7 1. Green beans, cultivated in Kenya, are in the British supermarket s all year. They are cultivated in open air with natural solar light and heat and they provide useful local employment. They are, I m told, transported on regular passenger fl ight s to Europe, not on specifi c cargo fl ight s. 2. On the other hand, for example in Holland, seasonal salads and green vegetables as well as vegetables native to hot climates are cultivated even through the winter months under glass and with strong, electric light s and heating. It is relevant to the issue of carbon emissions to compare these two scenarios, and other situations, holistically as regards their total carbon emissions during production as well as in transport. There is, of course, much more to consider on this topic, which merit s a whole chapter, and has been discussed elsewhere (e.g. MacGregor and Vorley, 2006; Heyes and Smith, 2008; Sirieix; et al., 2008; Edward-Jones; et al., 2008; Garside; et al., 2009). 5. FOOD GLOBALISATION AND HUMAN POPULATION DIVERSITY Continuing in this same style of a panoramic or broad vision, this paper will now consider how globalisation of foods has affected the biology of different human populations. In the 1970s and 1980s, Boyden (e.g. 1987) drew academic attention to the biological impact of the foods of so-called western civilisation on humans. Since then many investigators have added to the literature on this topic (e.g. Larsen, 2003), and a recent example is a paper by Cordain et al. (2005), whose thesis, very much refl ecting that of Boyden s, is that human beings had adapted biologically and genetically to their hunter-gatherer past without having had evolutionary time to adapt to the important changes in diet brought about by globalisation fi rst of agriculture and now of industrially processed foods. Cordain et al. draw attention to a list of food types found in a typical Western diet, but not available prior to agriculture: the meat and dairy product s of domesticated animals, cereal grains, refi ned sugars, refi ned vegetable oils, alcohol and added salt, which they link to a higher intake of saturated fatty acids, more carbohydrates compared to proteins, more salt and a higher glycaemic load. They argue that this affect s the patterns of the so-called diseases of civilization, obesity, cardiovascular diseases, type 2 diabetes, several cancers and osteoporosis. One can, of course, add greater detail to this list, but it is worth noting that the illnesses mentioned by Cordain et al. (2005) are generally enfeebling or fatal in middle age or later, and in many cases would not have affected the rates of procreation, and thus evolution. The debates on the possible evolutionary effect s of post-agrarian diet s are many (e.g. Larson, 2003; Lieberman, 2003). Meanwhile, Neel (1962, 1982) had published his hypothesis of the thrifty genotype in relation to type 2 diabetes and related obesity. The idea was that there exist s a genotype which allows the storage of fat when there Zainak. 34, 2011,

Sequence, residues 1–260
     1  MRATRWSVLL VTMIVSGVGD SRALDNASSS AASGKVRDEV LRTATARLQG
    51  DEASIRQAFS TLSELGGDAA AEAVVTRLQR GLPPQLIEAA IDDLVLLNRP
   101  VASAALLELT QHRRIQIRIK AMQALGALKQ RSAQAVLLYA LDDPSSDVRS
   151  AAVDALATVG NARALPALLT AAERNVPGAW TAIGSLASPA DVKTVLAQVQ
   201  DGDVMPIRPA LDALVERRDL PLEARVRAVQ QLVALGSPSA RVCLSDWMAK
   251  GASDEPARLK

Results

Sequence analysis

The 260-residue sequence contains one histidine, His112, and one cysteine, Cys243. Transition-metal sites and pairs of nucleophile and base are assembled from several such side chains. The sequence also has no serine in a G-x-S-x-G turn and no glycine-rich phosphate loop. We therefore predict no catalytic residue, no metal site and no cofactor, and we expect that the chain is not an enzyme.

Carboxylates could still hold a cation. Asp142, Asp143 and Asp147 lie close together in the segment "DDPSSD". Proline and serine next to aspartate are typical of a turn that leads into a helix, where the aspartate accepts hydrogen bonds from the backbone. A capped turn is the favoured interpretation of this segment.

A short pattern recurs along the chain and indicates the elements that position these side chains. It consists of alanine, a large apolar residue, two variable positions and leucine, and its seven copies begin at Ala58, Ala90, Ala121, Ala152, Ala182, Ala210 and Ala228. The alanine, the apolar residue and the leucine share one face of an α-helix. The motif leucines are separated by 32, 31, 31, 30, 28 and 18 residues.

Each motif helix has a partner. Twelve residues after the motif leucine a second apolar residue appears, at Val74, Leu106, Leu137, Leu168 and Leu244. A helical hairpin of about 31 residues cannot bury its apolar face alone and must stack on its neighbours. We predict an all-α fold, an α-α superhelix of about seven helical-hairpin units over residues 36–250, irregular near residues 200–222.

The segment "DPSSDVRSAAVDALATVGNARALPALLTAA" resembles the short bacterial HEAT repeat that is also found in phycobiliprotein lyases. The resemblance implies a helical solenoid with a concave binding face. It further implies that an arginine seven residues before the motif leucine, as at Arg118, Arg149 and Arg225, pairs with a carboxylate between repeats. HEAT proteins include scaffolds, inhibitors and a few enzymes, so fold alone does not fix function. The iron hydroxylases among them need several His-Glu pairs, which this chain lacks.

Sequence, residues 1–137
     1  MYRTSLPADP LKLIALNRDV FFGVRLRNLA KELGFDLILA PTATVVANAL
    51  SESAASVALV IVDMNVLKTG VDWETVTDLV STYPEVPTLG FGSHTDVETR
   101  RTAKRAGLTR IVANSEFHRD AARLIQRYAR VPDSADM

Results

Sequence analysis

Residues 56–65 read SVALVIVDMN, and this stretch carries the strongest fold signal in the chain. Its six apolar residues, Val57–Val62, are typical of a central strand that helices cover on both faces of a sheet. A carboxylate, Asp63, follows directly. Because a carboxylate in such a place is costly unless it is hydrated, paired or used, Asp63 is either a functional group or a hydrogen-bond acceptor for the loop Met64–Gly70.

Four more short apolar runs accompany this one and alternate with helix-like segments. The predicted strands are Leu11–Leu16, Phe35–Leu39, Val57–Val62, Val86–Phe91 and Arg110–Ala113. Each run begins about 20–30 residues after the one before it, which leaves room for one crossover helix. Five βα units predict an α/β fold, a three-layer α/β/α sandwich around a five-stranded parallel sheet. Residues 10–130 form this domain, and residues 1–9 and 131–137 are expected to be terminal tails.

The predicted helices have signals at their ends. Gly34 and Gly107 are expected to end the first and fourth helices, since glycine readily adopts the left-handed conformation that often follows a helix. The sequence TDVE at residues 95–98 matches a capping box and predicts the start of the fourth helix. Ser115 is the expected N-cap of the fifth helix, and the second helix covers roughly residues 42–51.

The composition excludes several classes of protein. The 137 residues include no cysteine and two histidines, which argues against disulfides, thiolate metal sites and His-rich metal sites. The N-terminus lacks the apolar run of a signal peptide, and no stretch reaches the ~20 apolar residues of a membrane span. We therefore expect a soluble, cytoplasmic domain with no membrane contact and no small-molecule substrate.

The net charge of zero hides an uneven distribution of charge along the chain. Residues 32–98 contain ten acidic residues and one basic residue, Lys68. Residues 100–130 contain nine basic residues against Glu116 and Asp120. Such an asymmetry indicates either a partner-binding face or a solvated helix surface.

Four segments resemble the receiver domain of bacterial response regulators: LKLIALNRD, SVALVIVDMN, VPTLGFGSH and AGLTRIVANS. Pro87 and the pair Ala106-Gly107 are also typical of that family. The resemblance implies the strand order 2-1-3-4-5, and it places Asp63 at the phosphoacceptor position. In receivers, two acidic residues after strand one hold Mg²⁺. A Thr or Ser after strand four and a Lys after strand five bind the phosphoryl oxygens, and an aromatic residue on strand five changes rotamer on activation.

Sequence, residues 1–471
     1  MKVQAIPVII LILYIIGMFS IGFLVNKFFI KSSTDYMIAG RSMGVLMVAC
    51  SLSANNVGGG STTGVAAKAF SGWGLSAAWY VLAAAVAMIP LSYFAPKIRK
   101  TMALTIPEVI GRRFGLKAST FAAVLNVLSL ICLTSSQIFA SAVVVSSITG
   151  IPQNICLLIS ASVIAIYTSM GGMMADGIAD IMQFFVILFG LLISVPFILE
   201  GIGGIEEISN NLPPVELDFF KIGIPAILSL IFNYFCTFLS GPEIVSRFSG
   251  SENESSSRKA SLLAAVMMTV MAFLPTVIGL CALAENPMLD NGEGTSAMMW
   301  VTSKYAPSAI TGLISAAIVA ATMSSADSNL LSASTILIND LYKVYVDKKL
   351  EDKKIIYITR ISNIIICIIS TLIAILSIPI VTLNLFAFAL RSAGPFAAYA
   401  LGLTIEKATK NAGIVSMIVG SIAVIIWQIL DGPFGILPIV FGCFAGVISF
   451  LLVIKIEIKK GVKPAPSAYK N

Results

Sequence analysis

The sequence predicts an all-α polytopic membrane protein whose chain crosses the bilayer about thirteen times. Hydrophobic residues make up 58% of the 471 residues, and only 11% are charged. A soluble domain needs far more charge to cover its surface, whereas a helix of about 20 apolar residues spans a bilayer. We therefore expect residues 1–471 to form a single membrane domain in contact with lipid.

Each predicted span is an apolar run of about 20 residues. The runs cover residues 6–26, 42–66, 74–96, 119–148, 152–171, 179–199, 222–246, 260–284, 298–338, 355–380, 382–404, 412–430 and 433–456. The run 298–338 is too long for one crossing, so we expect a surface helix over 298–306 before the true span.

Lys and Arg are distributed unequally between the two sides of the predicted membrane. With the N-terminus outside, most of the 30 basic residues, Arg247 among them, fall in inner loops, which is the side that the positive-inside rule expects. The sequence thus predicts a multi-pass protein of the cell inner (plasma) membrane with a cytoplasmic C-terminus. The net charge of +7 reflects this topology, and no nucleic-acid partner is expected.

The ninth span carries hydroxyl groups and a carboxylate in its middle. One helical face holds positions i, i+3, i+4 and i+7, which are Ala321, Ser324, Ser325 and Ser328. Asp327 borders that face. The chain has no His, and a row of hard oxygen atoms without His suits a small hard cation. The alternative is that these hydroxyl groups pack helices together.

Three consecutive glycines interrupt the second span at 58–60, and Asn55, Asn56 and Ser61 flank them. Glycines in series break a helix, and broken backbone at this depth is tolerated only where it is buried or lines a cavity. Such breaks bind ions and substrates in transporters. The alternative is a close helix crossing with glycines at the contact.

8 are suffi cient foods, and this fat links to insulin release and survival during periods of severe hunger and famine. Without periods of severe hunger, for example in modern conditions of ample food in many modern societies, this genotype can result in obesity, sometimes morbid, and type 2 diabetes. There are other explanations for the selective advantage of such a genotype; for example, the advantages of the fatness levels of the infant or it s mother (e.g. Wells, 2003) in times of food scarcity. Again, I leave the reader to pursue the topic more fully elsewhere. What is interesting in regard to this paper is that obesity is hardly ever found in modern hunter-gatherers, neither is extremely severe hunger. Their normal condition of life is limited nutrition but constant. Thus, one might suggest that it was the seasonality and the insecurity of primitive agriculture which provided the selective advantage in times of famine for those who had stored fat, rather than any selection during preagrarian populations of hunter-gatherers. That would mean evolution postagriculture and would shift the emphasis of the hypothesis of Cordain; et al. (2005). Southam; et al. (2009) studied DNA sequences in individuals prone to type 2 diabetes and/or obesity and found some evidence for selection of certain genes, but not suffi cient for a clear confi rmation of Neel s hypothesis of a thrifty genotype. Another example that alimentation must have caused an evolutionary change after the spread of agriculture is the global distribution of the intolerance of lactose beyond infancy (Kretchmer, 1993; McMichael, 2001). More than half of adult humans around the world cannot digest fresh raw milk because the lactase production of their infancy disappears in later childhood. Yet, others retain their production of lactase which enables them to break down and digest lactose. The distribution is irregular both geographically and ethnically. There is a genetic basis to this, with specifi c genes identifi ed, and there is also a link with discontinuity of milk consumption after infancy. The frequency of the genes for this intolerance of lactose is very high in populations with no ancestral tradition of drinking fresh milk, and is low in populations traditionally drinking fresh milk, which suggest s a post-agricultural evolutionary perspective. Indeed, it is very diffi cult to obtain milk from wild animals that are not domesticated! Kretchmer (1993) and McMichael (2001) argue that the early movement of sheep, goat and (in due course) cattle pastoralism, migrating from the Middle East into Europe, account s for the high European frequency of lactose tolerance. They go further and suggest that this also links in with the evolution of the lower susceptibility to type 2 diabetes in European populations compared to populations now undergoing the so-called Nutrition Transition in other geographic areas, because the benefi t s of digesting lactose have a complex relationship to insulin release when needed (Allen and Cheer, 1996). On the other hand, Melnik (2009) has argued that milk consumption is responsible for other chronic Western diseases. Gibson (2007) reviewed two genetic studies which also support the hypothesis of post-pastoral agricultural selection and evolution. On this topic of post-agrarian continuing evolution there is geographic diversity in susceptibility other conditions, such as type 1 diabetes, gluten intolerance, etc., but the reader should pursue this elsewhere. 26 Zainak. 34, 2011, 19-30